birdsong

Woods alive to the sound and throb of spring: Country diary 100 years ago | Environment | The Guardian

 

Originally published in the Manchester Guardian on 1 May 1917, this little insight into the sounds of the countryside a century ago makes for an enchanting read.

But there’s a more sombre angle to take note of as well: with the numbers of songbirds declining in the UK, our dawn chorus is getting harder and harder to hear. The sounds of spring today are much less rich than in our parents’ and grandparents’ generation.

SongBird Survival aims to save the dawn chorus for tomorrow by researching the reasons for songbird decline in the UK, and promoting solutions to restore their numbers.

With International Dawn Chorus Day taking place this weekend, Sunday 7th May, now is a fantastic time to get outdoors and hear this wonderful natural spectacle for yourself.

Source: Woods alive to the sound and throb of spring: Country diary 100 years ago | Environment | The Guardian

 

Sunshine releases all the sounds of spring | Environment | The Guardian

Great article in the Guardian about the Swedish art of gökotta. With International Dawn Chorus Day next month, there’s plenty to get up early for at this time of year!

Swedes call it ‘early cuckoo morning’ – the act of getting up just to enjoy the first birdsong.

Read more here: Source – Sunshine releases all the sounds of spring | Environment | The Guardian

Regional dialects in songbirds

A fascinating citizen science project has successfully mapped the distribution of dialects in yellowhammers (Emberiza citrinella) in both New Zealand and the UK.

Yellowhammers, like us, have regional dialects, with differences in their song depending on the region that they live. A familiar farmland bird in the UK, the species was introduced to New Zealand over 100 years ago, and this has provided researchers with a unique opportunity to investigate two completely isolated populations.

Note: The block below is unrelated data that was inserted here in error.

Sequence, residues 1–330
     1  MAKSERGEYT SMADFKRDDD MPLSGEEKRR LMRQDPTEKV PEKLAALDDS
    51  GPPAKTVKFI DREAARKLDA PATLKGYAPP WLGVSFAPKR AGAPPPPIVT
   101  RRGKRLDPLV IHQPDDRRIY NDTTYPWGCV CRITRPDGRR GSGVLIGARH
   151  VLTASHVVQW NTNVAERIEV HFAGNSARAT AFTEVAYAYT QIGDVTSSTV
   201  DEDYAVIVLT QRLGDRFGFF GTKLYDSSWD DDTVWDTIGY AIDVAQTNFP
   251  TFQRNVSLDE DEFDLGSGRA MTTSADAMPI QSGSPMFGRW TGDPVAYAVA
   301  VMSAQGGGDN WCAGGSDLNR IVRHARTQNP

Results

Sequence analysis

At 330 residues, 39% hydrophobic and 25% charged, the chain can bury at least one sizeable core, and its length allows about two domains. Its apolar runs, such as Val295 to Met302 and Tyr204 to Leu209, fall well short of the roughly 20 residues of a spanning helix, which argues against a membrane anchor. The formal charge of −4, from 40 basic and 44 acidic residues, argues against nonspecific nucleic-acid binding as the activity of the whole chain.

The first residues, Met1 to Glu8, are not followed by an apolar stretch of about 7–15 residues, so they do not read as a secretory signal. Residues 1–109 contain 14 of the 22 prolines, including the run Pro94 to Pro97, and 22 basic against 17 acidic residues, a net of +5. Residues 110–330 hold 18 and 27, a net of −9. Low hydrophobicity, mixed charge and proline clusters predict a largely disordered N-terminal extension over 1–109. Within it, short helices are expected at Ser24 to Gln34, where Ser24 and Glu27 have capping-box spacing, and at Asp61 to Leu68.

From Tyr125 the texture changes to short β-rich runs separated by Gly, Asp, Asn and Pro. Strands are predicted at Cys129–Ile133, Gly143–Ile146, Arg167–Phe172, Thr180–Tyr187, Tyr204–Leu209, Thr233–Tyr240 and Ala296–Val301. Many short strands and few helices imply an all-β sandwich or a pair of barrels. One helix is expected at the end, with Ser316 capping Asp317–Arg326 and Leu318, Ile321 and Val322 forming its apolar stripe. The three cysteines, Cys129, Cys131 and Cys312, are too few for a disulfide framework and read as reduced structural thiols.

The Yellowhammer Dialects project used citizen science volunteers to record yellowhammer song in the field. This allowed the project to access lots of data from across a very large area, which was then compared with historic recordings from archives. All this information was then used to accurately map the composition and distribution of different dialects in the two countries.

Researchers found an interesting difference in dialect between the populations of yellowhammers, with New Zealand yellowhammers sing nearly twice as many different dialects than yellowhammers in the UK.

They explain this result by suggesting that New Zealand yellowhammers have retained song structures which were originally from the UK, but have subsequently been lost in the mother country, perhaps due to the widespread decline in yellowhammers in the UK.

The yellowhammer dialect system may be the avian equivalent of a phenomenon already noted in human languages, in which ancient words or structures are retained in expatriate communities.

A fascinating finding, and one which will hopefully be complemented by further results in the near future; after the success of this project, the researchers have decided to host sister projects in both Switzerland and Poland.

The full research paper can be found here.

Urban ecology: noise and light pollution affect how robins sing

A researcher at the University of Southampton has found that robins in urban environments are affected by noise and light pollution.

The study by Frances Mullany used a fake robins to measure how the quality of robin territory was affected by its proximity to a lit path and a road.

Robins hold territories all year round, individually over winter, and as a pair during the breeding season. If you’ve ever strayed too close to a male robin’s territory, you may have encountered their aggression as these feisty little characters defend their patch. Male birds in particular are aggressive and very vocal in defending good quality territory.

Robin Feb 16

By setting up fake birds in different robin territories throughout an urban park, Frances was able to record how aggressively each of the birds in the park that responded, sang and displayed in response.

The study found that the robins that lived closer to lit paths and noisy roads displayed less aggressively than those who were further away.